Troy Vincent, NFL Executive Vice President of Football Operations, has been sharing a list of topics that the NFL Competition Committee will consider. The Committee has been meeting in Naples, Florida this weekend to discuss the possible changes, and will then put them to a vote at the Annual Owner's Meeting. The proposals will require the votes of 75% of the owners to pass.
Some of the things being considered are changing what is reviewable under instant replay, adding a medical timeout to adequately assess injuries like concussions, completely banning the chop block, who gets mic'ed up during games, improving international games, and more. You can read the list that Vincent provided below:
- Modifying what is reviewable under instant replay
- Exploring processes and procedures of how a medical timeout would work
- Discussing banning the chop block
- Ensuring that the review process covers what was called on the field and does not create new fouls
- Refining the definition of a hit on a defenseless player
- Adding an eighth official
- Making the extra point more challenging
- Using tablets on the sideline and for video replay and moving closer to our "sideline of the future" by adopting new technology
- Continuing to enhance our concussion protocol
- Increasing our standards for equipment that may make our game safer
We have two main objectives when considering changes to the rules: protecting our players from unnecessary risk and providing clarity and consistency in the way we administer the game.
Accordingly, there are two areas that are of particular interest to me as we explore the next steps in the evolution of player health and safety-the concept of a medical time out and removing the chop block from the game. A medical timeout could be called when a spotter or an independent person unaffiliated with either team on the sideline believes a player is in need of medical attention, but he remains in the game. What is the practical application of such a time out? What are the processes and procedures that would be in place to ensure both competitive balance and the health of the player?-these are questions that should be considered.
The chop block has been banned from both the high school and college game. We have a generation of players coming to the NFL who never used the chop block, yet they may be expected to initiate this technique that could result in a career-ending injury. We strongly need to consider removing this technique from the game.
Vincent then added a few more topics of discussion this week that could change the game and roster management going forward.
We also reviewed the @NFL roster system – an auxiliary list, expansion of the game roster, and how we handle Thursday night rosters— Troy Vincent (@TroyVincent23) February 28, 2015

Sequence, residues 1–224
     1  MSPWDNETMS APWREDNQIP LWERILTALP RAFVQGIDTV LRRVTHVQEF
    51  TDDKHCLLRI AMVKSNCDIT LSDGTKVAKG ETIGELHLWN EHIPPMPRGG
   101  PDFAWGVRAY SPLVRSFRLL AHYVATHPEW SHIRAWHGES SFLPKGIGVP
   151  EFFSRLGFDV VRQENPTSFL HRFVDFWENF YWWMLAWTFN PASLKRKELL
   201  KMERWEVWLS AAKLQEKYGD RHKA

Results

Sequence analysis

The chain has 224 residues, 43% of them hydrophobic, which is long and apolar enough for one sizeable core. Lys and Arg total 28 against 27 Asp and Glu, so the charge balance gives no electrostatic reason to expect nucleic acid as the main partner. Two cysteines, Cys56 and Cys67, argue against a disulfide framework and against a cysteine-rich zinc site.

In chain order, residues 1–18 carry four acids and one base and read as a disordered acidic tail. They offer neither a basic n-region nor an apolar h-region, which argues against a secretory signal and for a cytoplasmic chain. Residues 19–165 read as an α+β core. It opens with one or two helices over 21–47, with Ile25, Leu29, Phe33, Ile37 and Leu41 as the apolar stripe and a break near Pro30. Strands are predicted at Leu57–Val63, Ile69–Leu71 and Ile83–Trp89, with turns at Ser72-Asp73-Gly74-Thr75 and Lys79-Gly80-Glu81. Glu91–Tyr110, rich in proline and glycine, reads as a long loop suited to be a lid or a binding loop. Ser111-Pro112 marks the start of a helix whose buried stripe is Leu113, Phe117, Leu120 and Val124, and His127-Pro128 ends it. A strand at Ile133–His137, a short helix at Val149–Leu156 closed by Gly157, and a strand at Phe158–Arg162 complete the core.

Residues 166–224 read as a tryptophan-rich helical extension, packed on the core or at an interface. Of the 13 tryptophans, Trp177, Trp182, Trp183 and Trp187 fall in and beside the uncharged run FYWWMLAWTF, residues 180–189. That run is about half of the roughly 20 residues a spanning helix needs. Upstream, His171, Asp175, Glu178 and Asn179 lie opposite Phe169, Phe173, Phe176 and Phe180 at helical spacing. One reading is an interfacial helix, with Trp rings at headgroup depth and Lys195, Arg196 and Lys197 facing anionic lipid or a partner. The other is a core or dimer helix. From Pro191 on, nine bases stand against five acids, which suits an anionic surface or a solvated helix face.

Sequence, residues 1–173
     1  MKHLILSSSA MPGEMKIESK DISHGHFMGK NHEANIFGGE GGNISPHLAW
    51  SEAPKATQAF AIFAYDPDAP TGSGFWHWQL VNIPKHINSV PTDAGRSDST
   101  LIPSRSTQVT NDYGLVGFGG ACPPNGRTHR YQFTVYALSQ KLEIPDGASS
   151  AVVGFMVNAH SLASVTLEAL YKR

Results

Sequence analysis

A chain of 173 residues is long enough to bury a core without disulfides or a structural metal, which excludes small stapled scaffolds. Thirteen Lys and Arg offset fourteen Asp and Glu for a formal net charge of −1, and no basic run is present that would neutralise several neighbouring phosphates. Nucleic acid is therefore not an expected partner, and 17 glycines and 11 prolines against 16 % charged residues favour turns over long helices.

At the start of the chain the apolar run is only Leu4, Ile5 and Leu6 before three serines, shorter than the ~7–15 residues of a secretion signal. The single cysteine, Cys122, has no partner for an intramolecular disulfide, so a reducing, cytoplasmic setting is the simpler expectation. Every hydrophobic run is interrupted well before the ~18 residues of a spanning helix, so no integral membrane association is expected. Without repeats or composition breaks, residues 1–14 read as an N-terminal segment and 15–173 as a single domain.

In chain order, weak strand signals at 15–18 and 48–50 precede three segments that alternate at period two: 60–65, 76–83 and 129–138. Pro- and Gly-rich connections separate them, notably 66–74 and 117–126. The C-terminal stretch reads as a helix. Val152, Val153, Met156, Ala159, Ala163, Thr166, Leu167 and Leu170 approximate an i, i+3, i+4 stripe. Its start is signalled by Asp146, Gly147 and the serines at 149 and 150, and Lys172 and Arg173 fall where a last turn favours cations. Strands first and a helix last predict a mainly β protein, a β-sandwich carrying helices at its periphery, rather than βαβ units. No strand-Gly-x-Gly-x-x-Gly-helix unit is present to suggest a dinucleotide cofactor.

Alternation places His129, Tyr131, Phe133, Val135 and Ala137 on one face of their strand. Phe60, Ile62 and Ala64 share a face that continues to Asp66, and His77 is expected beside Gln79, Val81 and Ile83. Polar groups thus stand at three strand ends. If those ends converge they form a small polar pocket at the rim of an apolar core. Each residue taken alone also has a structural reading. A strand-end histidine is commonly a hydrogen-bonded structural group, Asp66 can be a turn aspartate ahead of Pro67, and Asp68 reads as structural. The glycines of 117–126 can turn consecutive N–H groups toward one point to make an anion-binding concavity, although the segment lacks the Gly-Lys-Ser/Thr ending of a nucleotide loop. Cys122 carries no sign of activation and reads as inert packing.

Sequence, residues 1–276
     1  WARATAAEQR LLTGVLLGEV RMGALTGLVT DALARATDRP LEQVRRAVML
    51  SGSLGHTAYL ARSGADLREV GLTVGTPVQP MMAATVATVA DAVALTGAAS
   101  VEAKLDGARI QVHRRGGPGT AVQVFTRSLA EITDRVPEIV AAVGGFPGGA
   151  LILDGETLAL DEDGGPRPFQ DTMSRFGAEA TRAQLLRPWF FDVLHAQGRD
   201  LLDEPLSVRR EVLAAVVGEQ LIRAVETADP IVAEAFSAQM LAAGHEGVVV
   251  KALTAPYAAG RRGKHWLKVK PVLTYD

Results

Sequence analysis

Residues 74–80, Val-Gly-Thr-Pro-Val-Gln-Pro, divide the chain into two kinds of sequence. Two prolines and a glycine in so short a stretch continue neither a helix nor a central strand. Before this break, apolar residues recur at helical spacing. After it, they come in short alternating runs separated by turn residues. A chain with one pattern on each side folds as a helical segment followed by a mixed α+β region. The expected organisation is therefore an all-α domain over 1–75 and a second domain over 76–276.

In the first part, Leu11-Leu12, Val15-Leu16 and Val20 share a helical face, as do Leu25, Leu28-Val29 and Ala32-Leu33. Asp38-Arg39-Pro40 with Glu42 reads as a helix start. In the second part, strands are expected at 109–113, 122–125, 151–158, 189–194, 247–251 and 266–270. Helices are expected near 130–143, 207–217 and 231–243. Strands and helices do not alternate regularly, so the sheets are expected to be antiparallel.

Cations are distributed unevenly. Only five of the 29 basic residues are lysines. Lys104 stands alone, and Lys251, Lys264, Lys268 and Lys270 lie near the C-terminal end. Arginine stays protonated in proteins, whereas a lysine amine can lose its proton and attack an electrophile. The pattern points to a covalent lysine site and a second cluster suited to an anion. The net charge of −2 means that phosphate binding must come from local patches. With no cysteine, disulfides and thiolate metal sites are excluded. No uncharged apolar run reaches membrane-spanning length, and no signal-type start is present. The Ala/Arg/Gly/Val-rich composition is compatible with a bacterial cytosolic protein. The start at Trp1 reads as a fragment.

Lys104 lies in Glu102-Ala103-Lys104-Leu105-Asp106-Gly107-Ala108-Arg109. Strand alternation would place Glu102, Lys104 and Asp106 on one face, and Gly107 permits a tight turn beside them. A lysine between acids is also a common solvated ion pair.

Mike Florio from ProFootballTalk reports that this could lead to the elimination of the inactive list for Thursday Night Football games. Players and coaches hate the Thursday Night games due to the short week, and lack of recovery time for injured players. It is especially difficult for the team that has to travel that week. Eliminating the inactive list gives teams 53 players instead of the normal 46 that are active on gamedays.
NFL executive V.P. of football operations Troy Vincent said Saturday that the Competition Committee considered the proper handling of rosters for Thursday games.
Per a league source, the possible solution is the removal of the inactive list for Thursday Night Football. If that happens, teams would dress all 53 players on Thursday night games, with no players on the inactive list.
Florio then added that the Competition Committee is considering bumping up the size of team roster from 53 players to 55 players, which would give teams playing on TNF even more options. This would also cost teams more money which has been a concern, but with the recent jumps in the salary cap, and the projected increases that are coming over the next few years due to various TV deals, the small increase could be absorbed. The NFL expanded the offseason roster from 80 players to 90 in 2012, and increased the size of practice squads from 8 to 10 last season. The next logical step is to allow teams to carry more players on their active rosters during the season.
Per a source with knowledge of the situation, the Competition Committee is considering expanding rosters from 53 to 55.
Opposition to larger rosters previously came from the fact that more than a few teams were having trouble staying under a salary cap that was flat and/or "smoothing." In recent years, the salary cap has been increasing more quickly. Coupled with the impact of the rookie wage scale on the market for veterans (many are paid less and less because quality rookies are cheaper than ever), there's plenty of extra cash available under the cap to pay two more players per team.